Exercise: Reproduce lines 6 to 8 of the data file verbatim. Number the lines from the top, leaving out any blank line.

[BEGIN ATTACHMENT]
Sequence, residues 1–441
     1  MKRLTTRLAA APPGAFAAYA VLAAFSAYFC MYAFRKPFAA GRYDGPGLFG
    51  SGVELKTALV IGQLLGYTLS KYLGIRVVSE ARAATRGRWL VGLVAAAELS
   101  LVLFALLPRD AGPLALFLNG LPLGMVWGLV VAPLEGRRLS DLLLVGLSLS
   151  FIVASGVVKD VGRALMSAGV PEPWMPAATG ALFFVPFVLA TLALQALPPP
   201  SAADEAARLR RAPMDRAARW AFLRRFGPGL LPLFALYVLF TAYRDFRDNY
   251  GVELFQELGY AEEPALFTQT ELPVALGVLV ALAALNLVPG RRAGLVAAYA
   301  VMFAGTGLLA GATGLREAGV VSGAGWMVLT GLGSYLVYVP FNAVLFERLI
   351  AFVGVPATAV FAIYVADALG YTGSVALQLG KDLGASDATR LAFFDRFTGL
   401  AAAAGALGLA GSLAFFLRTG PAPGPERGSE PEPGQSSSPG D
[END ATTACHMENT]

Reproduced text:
   201  SAADEAARLR RAPMDRAARW AFLRRFGPGL LPLFALYVLF TAYRDFRDNY
   251  GVELFQELGY AEEPALFTQT ELPVALGVLV ALAALNLVPG RRAGLVAAYA
   301  VMFAGTGLLA GATGLREAGV VSGAGWMVLT GLGSYLVYVP FNAVLFERLI